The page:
The New Jersey Attorney General's Office has opened an investigation into the unsolved murder of a prominent couple who were killed in their home in 2014, WNYC and Gothamist has learned.

The development comes after a WNYC Studios podcast revisited the deaths of John and Joyce Sheridan, who were found in their bedroom early September 28th, 2014, stabbed to death and the room set on fire. The series, Dead End: A New Jersey Political Murder Mystery, has been reporting on the unsolved killings, the investigation into their deaths, and John Sheridan’s ties to New Jersey politics.

The victims’ family has repeatedly asked the state attorney general's office to get involved in the case. Local detectives working for the Somerset County Prosecutor’s Office initially believed the killings were a murder-suicide and never fully investigated the case, WNYC’s reporting found.

“Our office is investigating this matter, and we will follow the evidence wherever it leads,” said a spokesperson for the New Jersey Attorney General's Office. WNYC confirmed with the attorney general’s office that the investigation had been launched after three people connected to the couple said they had been contacted by a state investigator.

The Sheridan family had disagreed with the murder-suicide determination by local detectives from the start, and family members found numerous problems with the investigation in the days after the deaths.

“I'm happy to hear that they've started to reach out to people,” said Mark Sheridan, one of the couple’s four sons, when he was told by WNYC about the new investigation. “I didn't know that, but I certainly think it's a good start.”

In 2016, some 200 prominent citizens, including three former governors, a former state supreme court justice and two former attorneys general also called for the state to investigate.

The WNYC podcast details many of the questions raised about the original investigation. Detectives had concluded the case was a murder-suicide, in part, because the primary exit from the bedroom where the Sheridans were found dead was blocked. But there was a back door to the bedroom that would have allowed an assailant to exit the home. WNYC also found that the crime scene was not dusted for fingerprints, that blood spatter on a wall in another part of the home remained unexamined, and that the weapon that killed John Sheridan was never identified by local investigators. Another possible weapon, a fire poker matching John Sheridan's injuries, was later discovered by an insurance investigator.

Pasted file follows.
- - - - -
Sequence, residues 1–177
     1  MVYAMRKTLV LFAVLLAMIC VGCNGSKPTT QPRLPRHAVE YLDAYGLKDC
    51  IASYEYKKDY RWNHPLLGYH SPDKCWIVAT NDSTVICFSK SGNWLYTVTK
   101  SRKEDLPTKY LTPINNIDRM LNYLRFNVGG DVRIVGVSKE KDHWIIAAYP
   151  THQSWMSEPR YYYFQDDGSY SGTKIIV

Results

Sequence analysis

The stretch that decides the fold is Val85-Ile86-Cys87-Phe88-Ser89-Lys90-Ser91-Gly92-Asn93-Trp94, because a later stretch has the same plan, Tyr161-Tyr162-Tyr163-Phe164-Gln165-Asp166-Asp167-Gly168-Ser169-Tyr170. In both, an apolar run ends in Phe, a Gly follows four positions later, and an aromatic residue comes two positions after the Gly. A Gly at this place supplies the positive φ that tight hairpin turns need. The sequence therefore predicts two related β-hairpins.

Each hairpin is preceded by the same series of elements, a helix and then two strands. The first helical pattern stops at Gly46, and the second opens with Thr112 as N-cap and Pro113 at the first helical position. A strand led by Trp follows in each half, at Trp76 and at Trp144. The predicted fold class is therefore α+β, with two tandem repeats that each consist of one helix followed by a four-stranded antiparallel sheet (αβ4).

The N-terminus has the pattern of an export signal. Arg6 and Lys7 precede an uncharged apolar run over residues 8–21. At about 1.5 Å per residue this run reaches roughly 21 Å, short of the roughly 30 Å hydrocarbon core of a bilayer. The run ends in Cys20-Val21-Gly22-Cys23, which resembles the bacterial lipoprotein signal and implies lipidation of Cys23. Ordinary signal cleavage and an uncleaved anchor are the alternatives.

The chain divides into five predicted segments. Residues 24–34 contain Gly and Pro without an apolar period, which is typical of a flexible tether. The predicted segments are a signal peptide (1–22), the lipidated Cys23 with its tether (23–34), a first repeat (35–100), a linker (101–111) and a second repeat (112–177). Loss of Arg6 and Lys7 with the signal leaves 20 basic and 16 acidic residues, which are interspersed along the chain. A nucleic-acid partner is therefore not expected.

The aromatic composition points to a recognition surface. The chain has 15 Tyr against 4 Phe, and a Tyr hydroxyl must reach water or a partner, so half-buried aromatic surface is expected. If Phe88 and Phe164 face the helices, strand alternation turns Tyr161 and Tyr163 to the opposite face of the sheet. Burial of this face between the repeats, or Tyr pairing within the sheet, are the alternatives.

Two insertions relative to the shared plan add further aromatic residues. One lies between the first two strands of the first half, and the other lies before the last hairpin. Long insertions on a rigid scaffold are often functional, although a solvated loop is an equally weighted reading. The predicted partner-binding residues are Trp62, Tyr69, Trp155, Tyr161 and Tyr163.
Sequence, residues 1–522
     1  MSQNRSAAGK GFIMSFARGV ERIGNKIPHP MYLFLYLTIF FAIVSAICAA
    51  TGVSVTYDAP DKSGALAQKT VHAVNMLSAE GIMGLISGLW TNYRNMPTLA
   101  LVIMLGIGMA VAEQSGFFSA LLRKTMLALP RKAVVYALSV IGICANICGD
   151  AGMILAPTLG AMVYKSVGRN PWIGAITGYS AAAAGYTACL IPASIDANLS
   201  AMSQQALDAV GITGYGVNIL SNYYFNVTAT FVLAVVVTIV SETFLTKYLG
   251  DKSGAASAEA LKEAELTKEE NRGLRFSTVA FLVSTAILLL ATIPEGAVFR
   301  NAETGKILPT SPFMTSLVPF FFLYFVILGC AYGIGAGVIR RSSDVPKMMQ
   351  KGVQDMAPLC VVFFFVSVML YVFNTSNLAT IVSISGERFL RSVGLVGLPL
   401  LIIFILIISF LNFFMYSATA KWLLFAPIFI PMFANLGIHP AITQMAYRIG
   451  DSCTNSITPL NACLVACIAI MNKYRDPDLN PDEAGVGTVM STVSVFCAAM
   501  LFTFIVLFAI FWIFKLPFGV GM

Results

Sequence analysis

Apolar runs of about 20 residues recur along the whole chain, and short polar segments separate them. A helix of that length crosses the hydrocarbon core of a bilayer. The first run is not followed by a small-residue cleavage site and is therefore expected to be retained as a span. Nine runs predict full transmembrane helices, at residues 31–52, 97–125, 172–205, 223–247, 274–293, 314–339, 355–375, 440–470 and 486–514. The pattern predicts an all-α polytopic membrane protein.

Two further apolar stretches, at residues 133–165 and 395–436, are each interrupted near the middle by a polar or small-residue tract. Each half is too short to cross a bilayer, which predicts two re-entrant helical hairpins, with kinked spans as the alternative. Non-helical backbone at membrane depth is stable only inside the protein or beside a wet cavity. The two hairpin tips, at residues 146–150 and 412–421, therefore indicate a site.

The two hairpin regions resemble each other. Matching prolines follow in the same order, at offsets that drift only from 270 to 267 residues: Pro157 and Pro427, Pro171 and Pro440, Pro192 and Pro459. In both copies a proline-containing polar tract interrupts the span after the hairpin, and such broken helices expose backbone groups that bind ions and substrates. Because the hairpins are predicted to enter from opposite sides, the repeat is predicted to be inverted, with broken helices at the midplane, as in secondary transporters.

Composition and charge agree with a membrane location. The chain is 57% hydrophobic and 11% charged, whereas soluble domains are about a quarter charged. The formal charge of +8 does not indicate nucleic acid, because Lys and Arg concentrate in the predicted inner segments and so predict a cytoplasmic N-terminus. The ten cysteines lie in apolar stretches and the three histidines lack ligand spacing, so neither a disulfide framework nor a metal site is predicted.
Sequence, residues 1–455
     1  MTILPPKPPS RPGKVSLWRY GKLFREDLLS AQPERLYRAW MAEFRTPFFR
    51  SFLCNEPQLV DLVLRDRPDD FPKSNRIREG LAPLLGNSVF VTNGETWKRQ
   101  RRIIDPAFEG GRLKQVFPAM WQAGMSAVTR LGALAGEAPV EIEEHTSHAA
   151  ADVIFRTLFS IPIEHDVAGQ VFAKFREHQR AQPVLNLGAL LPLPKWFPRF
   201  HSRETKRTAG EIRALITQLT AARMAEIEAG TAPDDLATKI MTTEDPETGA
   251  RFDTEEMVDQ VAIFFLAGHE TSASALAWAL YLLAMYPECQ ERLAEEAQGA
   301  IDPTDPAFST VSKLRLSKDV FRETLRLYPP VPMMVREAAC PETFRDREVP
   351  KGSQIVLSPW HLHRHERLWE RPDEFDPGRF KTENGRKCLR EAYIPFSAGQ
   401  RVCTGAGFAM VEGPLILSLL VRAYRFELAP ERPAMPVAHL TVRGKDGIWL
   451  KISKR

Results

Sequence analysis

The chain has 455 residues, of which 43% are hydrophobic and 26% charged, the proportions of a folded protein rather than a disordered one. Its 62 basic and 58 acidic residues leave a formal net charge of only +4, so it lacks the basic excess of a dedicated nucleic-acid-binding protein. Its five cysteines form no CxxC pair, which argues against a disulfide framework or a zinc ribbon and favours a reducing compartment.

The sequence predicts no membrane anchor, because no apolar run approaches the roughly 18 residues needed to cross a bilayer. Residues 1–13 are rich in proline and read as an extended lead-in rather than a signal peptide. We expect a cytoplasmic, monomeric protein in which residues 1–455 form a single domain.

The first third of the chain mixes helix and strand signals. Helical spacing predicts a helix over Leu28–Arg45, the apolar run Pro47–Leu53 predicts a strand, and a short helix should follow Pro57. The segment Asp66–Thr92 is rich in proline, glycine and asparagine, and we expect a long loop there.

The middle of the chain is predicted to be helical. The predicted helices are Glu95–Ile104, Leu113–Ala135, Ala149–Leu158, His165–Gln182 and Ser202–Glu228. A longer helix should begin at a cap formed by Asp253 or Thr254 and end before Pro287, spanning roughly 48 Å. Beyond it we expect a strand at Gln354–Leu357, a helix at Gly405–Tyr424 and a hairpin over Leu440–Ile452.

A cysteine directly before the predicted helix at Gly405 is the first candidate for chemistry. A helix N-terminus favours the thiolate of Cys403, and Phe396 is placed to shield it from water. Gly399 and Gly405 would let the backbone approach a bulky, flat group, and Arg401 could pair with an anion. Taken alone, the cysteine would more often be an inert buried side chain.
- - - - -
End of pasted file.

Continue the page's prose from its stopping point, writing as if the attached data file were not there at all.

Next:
“The circumstances of their deaths were very, very unusual,” said Ed Stier, an investigative attorney who helped create and run the Division of Criminal Justice at the attorney general's office. “And for the Somerset County prosecutor's office to walk into the crime scene and say, ‘oh, this is obviously a murder-suicide’ before any investigation took place was criminal negligence.”

Stier said strong criticism is warranted.

“I'm very upset about it because it’s completely irresponsible,” Stier said. “They couldn't have done a worse job if they intended to mess up that investigation. They destroyed the crime scene and made it impossible for anybody to come in later on and do any kind of decent forensic work.”

A state investigator and an FBI agent recently interviewed Bob and Chris Stevens, who were close friends of the Sheridans. Chris had lunch with Joyce Sheridan on the Friday before her death. The couple died sometime between Saturday night and sunrise Sunday morning.

“We really would rest easier if we knew that everything was resolved on this,” Chris Stevens said after being interviewed by investigators . “ It would be very comforting knowing that they finally figured out what the story was.”

John Sheridan had worked for two governors and served as the state transportation commissioner in the 1980s for Gov. Tom Kean, a Republican. He then worked as a lobbyist for a top law firm in New Jersey, and became the CEO of Cooper University Hospital in Camden.

The Sheridans’ sons said they asked for help from the attorney general at least three times. First, after detectives said they believed the case to be a murder-suicide. A second time when evidence in the home revealed multiple problems with the investigation. And the oldest son, Mark Sheridan, returned to the attorney general after he found documents that had been on his parents’ dining room table.

The documents included printed email exchanges and handwritten accounts of phone conversations and meetings related to a real estate deal on the Camden waterfront.

“My father was involved in a very high-dollar real estate transaction that was going to make lots of money for lots of people,” Mark Sheridan said. “I just think that, in that circumstance, it's something that should be investigated and looked into.”

For more on the Sheridan case listen to WNYC’s podcast Dead End: A New Jersey Political Murder Mystery.